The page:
Are you being properly compensated for the extra hours you work? We investigate.
Between late nights and mountains of work, it sometimes seems that you never have time to unwind with friends and family. If this sounds familiar, it’s time to investigate your rights when it comes to working overtime. We chat to labour lawyer and partner at Bester and Rhoodie Attorneys Erika Bester about the legalities surrounding overtime.
Types of employees
“There are two types of employees, namely permanent employees and fixed-term employees,” explains Bester. “Fixed-term employees (employees contracted to a company for a specified term) are entitled to the same rights as permanent employees, which include overtime in suitable circumstances.” However, if you are an independent contractor, you are not considered an employee and therefore not entitled to overtime pay.
Can you claim overtime?
Your legal right to claim overtime pay is dependent on your annual salary. According to chapter two of the Basic Conditions of Employment Act (which regulates working hours), overtime pay is applicable to employees earning below the earnings threshold (currently R172 000 or R14 333 a month), says Bester. “Such employees’ working hours are limited to 45 hours per week, with a maximum of nine hours per day if an employee works five days a week or less, and eight hours per day if an employee works more than five days a week. Overtime is voluntary and may only be worked by agreement between employer and employee. Employees may not be required to work overtime for more than 10 hours a week and three hours a day.”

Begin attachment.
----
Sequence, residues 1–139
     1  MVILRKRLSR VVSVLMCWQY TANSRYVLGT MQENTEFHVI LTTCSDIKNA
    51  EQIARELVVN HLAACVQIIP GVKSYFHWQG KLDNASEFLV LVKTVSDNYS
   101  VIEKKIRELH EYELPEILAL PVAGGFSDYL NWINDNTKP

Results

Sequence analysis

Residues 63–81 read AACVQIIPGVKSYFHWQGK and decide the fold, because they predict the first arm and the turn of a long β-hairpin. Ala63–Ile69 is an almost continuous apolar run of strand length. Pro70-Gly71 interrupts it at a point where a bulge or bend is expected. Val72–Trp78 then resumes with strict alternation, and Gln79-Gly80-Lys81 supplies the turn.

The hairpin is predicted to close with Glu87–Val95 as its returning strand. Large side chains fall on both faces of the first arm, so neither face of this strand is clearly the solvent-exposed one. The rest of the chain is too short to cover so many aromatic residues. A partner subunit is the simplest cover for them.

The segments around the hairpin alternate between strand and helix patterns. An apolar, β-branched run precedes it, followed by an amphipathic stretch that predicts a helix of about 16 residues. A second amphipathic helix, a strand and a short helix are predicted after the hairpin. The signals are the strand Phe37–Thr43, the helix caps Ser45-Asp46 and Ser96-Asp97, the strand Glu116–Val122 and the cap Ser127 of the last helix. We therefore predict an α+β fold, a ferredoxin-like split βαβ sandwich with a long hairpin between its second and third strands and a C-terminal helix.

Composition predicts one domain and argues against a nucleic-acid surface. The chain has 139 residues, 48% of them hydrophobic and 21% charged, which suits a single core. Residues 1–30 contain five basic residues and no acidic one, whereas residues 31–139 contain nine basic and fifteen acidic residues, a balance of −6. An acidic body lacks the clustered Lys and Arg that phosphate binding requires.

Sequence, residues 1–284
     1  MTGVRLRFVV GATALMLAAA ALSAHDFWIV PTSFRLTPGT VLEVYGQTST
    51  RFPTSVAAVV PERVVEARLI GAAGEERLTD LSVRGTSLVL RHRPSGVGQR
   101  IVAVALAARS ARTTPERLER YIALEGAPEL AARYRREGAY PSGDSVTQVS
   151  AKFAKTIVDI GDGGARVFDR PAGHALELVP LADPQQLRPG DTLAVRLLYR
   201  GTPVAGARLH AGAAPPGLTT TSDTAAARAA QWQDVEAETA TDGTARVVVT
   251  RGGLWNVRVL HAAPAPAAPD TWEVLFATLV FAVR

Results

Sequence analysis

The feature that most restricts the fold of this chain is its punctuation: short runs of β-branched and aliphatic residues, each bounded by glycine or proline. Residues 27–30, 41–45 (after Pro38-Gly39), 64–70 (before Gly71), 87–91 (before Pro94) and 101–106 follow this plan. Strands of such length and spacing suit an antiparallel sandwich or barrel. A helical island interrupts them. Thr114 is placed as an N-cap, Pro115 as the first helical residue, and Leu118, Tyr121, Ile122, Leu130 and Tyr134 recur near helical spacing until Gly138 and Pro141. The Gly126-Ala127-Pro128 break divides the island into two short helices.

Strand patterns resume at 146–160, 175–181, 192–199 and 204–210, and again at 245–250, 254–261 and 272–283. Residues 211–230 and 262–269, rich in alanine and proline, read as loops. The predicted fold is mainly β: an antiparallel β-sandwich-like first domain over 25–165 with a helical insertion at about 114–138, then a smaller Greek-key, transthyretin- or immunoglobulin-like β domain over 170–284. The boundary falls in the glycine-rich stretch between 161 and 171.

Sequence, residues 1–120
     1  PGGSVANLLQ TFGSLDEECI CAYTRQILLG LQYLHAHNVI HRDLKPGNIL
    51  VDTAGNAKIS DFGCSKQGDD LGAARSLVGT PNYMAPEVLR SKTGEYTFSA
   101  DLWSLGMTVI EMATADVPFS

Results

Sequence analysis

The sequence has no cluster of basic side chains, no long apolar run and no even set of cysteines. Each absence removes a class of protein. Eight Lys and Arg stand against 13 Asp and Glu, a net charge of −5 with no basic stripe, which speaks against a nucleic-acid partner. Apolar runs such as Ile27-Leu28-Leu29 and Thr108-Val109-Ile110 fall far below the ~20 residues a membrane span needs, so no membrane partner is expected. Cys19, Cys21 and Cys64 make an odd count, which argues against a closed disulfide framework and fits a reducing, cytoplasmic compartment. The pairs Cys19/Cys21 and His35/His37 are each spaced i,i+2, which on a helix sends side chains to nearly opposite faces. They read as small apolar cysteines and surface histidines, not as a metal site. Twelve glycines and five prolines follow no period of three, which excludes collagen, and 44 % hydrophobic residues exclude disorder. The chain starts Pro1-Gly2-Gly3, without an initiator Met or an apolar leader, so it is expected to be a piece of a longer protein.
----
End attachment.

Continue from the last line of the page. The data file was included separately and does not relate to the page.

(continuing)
“These employees are entitled to payment of at least one and a half times their ordinary wage for overtime worked (on Sundays and public holidays they are entitled to twice their wage if they do not usually work on these days). An employee who is not being paid for overtime can approach the Department of Labour for assistance,” Bester says.
Employees above the earnings threshold are not entitled to overtime pay, unless they have entered into an agreement to work overtime and to be paid accordingly. “Where such an agreement exists but is not honoured, the employee can institute a civil lawsuit against the employer to claim overtime based on breach of the agreement,” says Bester. According to the South African Labour Guide, employees who earn above the threshold are also entitled to refuse to work overtime unless they have already agreed to do so or have negotiated some form of compensation. Nobody can be forced to work overtime.